Screen Actors Guild president Alan Rosenberg, in his first official communication with members, has pledged the actors union will take a far tougher approach toward the industry.
In an email sent Sunday to the 100,000 guild members, Rosenberg said the SAG national board’s Oct. 23 firing of CEO Greg Hessinger was driven by the need to negotiate upcoming contracts more aggressively.
“Making a change like this is never an easy decision, and this one was no different,” Rosenberg said of the ouster. “Greg is an able and talented executive, and a committed unionist. But many members of your national board felt strongly that we needed a fresh start — a national executive director with new energy and new thinking who is fully committed to the priorities of your new leadership team, particularly with regard to our tougher approach to collective bargaining.”
Rosenberg and his allies in the Membership First faction gained control of the national board in last month’s election after a campaign in which they blasted SAG’s more moderate elected leaders, accusing them of accommodating employers in contract negotiations.
The Restore Respect and United Screen Actors Nationwide factions, which advocate a pragmatic approach to bargaining, had controlled the national board for the past four years under former prexy Melissa Gilbert’s tenure.
“In my campaign, I offered a simple and straightforward promise that I pledge to fulfill now as your president: to fight like hell to get actors their fair share and ensure Screen Actors Guild remains the great and powerful organization it always has been,” Rosenberg said in the missive. “I look forward to accomplishing these goals together, in solidarity.”
Gilbert’s allies had signed former AFTRA topper Hessinger in March to a four-year, $1.6 million deal as successor to Bob Pisano over the objections of Membership First.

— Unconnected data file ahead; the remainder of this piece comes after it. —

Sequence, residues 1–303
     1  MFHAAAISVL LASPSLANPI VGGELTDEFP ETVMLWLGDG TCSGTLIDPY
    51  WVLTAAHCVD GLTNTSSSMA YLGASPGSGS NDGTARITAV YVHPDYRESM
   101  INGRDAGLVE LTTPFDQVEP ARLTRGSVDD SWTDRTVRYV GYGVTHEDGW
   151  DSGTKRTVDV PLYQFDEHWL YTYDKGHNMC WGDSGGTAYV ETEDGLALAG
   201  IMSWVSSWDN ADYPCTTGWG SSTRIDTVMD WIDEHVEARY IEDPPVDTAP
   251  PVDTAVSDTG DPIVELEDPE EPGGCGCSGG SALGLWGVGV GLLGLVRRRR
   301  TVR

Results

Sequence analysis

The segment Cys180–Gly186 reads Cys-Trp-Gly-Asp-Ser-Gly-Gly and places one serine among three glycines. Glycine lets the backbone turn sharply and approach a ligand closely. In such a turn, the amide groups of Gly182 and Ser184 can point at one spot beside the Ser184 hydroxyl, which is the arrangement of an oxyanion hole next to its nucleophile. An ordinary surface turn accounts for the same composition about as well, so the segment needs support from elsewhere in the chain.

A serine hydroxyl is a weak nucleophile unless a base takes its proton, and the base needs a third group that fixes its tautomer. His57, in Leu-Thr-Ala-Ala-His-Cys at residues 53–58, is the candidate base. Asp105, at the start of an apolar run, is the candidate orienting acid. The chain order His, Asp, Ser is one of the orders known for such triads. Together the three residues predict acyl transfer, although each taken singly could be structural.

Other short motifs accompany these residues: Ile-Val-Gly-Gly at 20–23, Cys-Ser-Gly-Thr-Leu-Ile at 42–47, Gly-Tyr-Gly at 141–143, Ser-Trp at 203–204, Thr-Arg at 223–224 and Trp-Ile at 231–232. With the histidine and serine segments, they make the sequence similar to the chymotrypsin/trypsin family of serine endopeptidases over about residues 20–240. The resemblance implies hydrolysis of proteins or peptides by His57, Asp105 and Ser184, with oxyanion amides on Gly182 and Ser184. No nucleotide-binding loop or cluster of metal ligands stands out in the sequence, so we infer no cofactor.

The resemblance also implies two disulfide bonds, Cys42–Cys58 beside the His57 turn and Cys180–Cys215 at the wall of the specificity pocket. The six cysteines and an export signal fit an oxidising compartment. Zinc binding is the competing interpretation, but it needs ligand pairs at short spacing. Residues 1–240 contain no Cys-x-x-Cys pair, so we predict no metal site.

Hessinger, who has threatened legal action if he’s not paid the rest of the money, may have sealed his fate after the election when he hired a pair of former AFTRA execs and an ad industry exec without consulting Rosenberg or his allies.
Rosenberg made no mention of the other three execs, who also were fired by the board, but held out an olive branch to those who opposed the dismissals.
“As someone who has spent much of my life fighting for causes in which I believe, I have the greatest respect for those who express an opposing viewpoint and for the rights of the minority,” he said. “I take great pride in the fact that this question was addressed through the fair and democratic process that represents the very best of our union. Our strength is, as it always has been, in that process and our unity.”
However, the ongoing backbiting at SAG shows no signs of abating any time soon, with Gilbert ally Mike Farrell sending out an angry message last week that repeatedly attacked Membership First on the issue of Hessinger’s firing. Farrell said his four years on the board had been marked by the opposition’s “dishonesty, intrigue, manipulation and underhanded political machinations.”
“We’re now going forward with a group in control that has broadcast to the industry through its devious ousting of Hessinger, whose sole failing is his penchant for honesty — something they obviously can’t abide — that SAG no longer feels bound to honor contracts,” Farrell said. “Do you think the producers are listening?”